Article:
Though stability was comparison-leading for the Yoshimura GSX-R  it lacked some in terms of flickability compared to the others  which we will be working to remedy in Stage 2.
With Stage 1 in the books, Stage 2 begins. By the time you read this the GSX-R1000 Project will be fully disassembled and in the process of being turned into a full-blown racebike.

Other than some slight gearing, geometry and brake issues, we came away quite surprised with the Yoshimura Suzuki GSX-R1000. For virtually what you would spend on a mid-level exotic European sportbike, it’s easy to have Yosh turn your Japanese machine into a motorcycle which circulates the track substantially faster while being a downright missile in a straight line. The GSX-R1000 is a potent street bike in stock form, but with this bike the boys from Yosh turned what is already a 9 out of 10 to a 12 – or maybe higher.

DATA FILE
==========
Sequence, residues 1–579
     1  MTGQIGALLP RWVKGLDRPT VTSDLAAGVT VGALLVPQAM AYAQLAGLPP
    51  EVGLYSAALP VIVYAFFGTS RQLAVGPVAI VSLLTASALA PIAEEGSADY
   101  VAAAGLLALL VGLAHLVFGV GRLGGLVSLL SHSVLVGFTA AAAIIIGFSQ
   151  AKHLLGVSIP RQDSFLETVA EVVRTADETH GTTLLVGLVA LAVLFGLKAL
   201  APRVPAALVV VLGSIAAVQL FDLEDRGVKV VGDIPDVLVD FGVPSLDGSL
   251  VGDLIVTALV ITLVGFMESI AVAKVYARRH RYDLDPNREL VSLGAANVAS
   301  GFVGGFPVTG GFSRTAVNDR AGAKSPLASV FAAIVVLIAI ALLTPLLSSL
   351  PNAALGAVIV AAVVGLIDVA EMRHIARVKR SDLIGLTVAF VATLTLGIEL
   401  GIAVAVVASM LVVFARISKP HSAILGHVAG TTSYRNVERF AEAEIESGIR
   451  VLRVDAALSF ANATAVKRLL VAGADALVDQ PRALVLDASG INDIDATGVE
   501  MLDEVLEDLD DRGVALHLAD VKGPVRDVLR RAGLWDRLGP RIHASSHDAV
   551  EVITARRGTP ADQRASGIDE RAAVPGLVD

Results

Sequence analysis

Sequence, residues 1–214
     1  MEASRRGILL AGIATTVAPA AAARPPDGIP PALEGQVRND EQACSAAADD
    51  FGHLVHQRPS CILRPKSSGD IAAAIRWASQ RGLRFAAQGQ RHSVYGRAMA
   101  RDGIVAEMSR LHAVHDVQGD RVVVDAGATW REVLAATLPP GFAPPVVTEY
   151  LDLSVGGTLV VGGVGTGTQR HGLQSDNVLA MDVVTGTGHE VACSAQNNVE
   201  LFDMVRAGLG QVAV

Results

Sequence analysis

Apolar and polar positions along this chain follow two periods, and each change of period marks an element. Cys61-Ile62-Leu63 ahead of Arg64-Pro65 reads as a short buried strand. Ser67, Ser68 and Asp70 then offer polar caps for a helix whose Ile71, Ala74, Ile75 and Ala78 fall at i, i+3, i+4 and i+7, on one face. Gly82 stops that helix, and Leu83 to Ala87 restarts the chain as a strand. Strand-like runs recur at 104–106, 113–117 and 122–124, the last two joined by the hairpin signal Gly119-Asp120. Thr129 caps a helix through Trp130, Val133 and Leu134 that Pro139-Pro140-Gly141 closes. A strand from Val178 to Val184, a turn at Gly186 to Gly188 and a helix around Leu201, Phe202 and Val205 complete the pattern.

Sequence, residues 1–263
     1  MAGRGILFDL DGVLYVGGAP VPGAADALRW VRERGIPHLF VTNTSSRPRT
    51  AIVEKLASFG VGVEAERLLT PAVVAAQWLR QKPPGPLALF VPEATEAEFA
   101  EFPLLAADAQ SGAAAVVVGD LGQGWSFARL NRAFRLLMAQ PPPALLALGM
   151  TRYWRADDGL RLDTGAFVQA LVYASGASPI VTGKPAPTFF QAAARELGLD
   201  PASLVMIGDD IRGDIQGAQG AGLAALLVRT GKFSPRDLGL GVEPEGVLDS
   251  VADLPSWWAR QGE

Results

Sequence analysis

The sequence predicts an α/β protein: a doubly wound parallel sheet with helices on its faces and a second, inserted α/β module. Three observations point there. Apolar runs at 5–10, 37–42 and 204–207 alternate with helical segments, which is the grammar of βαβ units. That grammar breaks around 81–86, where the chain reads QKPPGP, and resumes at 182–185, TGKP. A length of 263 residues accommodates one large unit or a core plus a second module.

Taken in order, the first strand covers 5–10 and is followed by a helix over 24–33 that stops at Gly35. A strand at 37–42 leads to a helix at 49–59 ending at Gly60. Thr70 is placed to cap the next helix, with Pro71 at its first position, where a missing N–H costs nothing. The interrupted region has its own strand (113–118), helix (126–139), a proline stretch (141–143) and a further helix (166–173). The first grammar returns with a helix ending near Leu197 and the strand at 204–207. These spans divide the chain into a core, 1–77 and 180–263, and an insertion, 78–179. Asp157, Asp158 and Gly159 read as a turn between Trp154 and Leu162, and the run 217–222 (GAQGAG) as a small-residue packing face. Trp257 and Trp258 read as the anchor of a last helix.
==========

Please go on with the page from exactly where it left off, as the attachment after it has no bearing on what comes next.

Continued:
If you want to haul the mail around the track and smoke anything on the road at the slightest twist of the right grip, simply pick up the phone and call Yoshimura. It’s no wonder these guys have been so successful at racing. And now it can ALL be yours from YRS at more-than-reasonable prices!


Steve Atlas

Contributing Editor |Articles | Professional-grade speed and an attitude to match, Steve Atlas has AMA racing creds that are even more extensive than his driving record.